Fat kids get made fun of. It's a fact of life. Why, then, would any child choose to be overweight?
If you believe the logic of our public health authorities, you arrive at the inescapable conclusion that obesity is a behavioral disorder. For whatever reason, fat children "choose" to take in more calories than they burn off. We may indirectly blame the problem on the parents, on our schools, on society, and on the fast food industry. But there's no doubt in our minds that fat kids get fat because they overeat and underexercise.
But advocates of this "calories count" perspective must explain a key paradox. Opportunities to consume more calories than we need are ubiquitous in our society. So why do only some of us get fat? Why not all of us? What about fat people causes them to get fat? If it's true that only calories "count," then shouldn't our bodies all behave the same when exposed to an environment that offers up excess calories?
Most of us write off this paradox. We blame genes or psychology. Fat kids were born with bad genes and/or developed an inability to "control themselves." But dig deeper into the argument, and it appears woefully inadequate. For instance, we all know a teenager who can cram down 3,000+ calories a day and not get fat -- even if he only sits around and plays video games all day. And we all know a middle aged woman who eats like a bird, exercises like crazy, and still can't get rid of the extra padding on her hips.
1. Here's an interesting article about fat kids and adults from the BBC News on this paradox: "Why do some people never seem to get fat?"
The article points out that:
"The science of weight gain is less straightforward than the headlines sometime suggest. Why, for example, do some people seem to eat what they like and not put on weight, while others limit their diet yet struggle to shed their bulk?
The article references a key study that Gary Taubes also discusses in his book, Good Calories Bad Calories:
"In 1967, a medical researcher, Ethan Sims, carried out an experiment at a Vermont state prison in the US. He recruited inmates to eat as much as they could to gain 25% of their bodyweight, in return for early release from prison. Some of the volunteers could not reach the target however hard they tried, even though they were eating 10,000 calories a day. Sims' conclusion was that for some, obesity is nearly impossible."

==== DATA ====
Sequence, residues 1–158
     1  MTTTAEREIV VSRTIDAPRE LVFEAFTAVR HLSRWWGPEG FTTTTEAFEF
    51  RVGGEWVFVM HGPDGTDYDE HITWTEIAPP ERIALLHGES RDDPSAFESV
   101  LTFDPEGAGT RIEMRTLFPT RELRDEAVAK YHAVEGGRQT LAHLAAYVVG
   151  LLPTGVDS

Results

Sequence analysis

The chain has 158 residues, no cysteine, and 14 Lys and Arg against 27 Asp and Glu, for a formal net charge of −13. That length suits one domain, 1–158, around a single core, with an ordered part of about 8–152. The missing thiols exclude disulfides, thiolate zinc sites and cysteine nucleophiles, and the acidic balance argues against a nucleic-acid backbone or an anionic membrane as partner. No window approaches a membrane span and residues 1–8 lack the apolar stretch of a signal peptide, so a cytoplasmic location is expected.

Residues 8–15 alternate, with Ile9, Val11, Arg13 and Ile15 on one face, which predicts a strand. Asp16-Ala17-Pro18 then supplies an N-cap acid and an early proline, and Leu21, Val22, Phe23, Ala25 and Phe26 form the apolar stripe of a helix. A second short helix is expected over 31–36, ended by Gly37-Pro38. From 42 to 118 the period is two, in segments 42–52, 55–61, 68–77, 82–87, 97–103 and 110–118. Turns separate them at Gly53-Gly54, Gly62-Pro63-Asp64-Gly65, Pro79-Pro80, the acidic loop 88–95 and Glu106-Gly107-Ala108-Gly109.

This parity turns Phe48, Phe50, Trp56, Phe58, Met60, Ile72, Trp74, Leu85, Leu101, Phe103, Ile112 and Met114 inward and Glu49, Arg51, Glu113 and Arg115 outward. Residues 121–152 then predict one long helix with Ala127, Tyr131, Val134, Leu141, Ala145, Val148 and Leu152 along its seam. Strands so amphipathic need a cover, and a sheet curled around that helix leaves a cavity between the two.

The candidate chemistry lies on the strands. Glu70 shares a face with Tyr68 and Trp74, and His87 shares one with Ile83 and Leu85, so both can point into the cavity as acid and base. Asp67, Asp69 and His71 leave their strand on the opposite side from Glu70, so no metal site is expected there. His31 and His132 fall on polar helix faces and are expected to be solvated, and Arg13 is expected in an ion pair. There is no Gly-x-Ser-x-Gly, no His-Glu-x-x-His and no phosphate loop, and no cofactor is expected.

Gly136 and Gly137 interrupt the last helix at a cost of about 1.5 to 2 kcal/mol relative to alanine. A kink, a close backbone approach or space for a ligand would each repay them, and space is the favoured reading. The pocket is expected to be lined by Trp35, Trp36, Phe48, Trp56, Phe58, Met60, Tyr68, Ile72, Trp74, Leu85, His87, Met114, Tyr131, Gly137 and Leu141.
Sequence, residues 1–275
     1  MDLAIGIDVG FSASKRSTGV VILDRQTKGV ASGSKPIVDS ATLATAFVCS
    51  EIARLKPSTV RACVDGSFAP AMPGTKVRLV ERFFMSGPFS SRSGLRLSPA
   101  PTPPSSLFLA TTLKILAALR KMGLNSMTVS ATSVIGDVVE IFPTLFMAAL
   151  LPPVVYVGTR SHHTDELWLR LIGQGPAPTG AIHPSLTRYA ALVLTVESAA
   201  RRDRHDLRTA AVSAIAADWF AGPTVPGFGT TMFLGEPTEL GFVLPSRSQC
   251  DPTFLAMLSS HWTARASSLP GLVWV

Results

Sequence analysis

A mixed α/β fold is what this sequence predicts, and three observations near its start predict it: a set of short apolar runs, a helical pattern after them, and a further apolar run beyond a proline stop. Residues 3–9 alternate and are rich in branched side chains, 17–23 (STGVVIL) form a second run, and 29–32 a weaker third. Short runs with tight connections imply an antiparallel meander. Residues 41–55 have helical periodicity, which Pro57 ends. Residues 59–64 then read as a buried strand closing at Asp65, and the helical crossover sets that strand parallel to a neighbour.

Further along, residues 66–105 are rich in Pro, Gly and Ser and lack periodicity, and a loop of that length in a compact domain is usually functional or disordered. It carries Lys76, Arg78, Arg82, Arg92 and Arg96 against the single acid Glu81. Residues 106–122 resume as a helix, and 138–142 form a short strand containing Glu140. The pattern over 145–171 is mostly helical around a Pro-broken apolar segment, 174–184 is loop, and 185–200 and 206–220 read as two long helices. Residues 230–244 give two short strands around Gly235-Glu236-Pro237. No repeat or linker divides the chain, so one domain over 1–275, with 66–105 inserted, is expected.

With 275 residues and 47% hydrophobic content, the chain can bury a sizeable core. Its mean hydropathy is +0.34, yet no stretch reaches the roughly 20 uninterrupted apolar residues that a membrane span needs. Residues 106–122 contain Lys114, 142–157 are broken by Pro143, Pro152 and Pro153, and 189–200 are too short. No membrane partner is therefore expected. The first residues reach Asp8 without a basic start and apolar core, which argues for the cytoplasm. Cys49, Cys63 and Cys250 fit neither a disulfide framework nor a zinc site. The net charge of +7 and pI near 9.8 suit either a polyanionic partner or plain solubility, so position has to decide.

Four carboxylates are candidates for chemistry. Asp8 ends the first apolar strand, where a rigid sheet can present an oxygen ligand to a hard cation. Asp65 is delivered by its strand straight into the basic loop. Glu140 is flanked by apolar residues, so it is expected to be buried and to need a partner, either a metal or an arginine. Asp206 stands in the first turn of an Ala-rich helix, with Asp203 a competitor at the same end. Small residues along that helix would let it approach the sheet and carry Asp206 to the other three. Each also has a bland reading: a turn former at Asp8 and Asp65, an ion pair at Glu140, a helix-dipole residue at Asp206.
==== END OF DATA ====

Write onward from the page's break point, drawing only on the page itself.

2. Here's another puzzler for you, from a website called physorg.com.
Re: a study on low carb diets:
"It was important to that specific research project that volunteers maintain a steady weight. This worked for most participants, but there were a few people who seemed to lose weight no matter how many additional calories were added to their [low carb] diets. One of Horowitz's collaborators, Ariel Barkan, a Professor of Internal Medicine and of Neurosurgery at the U-M Medical School, noted that he'd seen a similar reaction in a rodent study, with the same diet causing some to gain much more weight than others, despite similar activity levels. It turned out that animals with high levels of growth hormone were resistant to gaining weight."
We all think fat kids get fat because they've done something wrong. They've overeaten. They've not gone outside to play. They've plopped in front of the tube or the computer too much. Fat kids are to blame for why they're fat. And this idea, as we've seen, derives directly from the Caloric Balance Hypothesis.
But what about all this evidence that physiology must be involved -- growth hormone, in the study mentioned above? Doesn't this implicate hormones -- not behavior -- as the key cause of excess fat accumulation?
Surely many nutritionists, dietitians, and public health authorities would readily acknowledge that hormones can play a significant role in why we get fat. The problem is, once they acknowledge this, they open the "calories count" theory up to a devastating attack. Because if you tell fat kids that calories "count" and that bad behavior makes them fat, you can't then go around and tell them that obesity has a basis in physiology, unless you're willing to compromise the Caloric Balance Hypothesis -- in which case, all bets are off.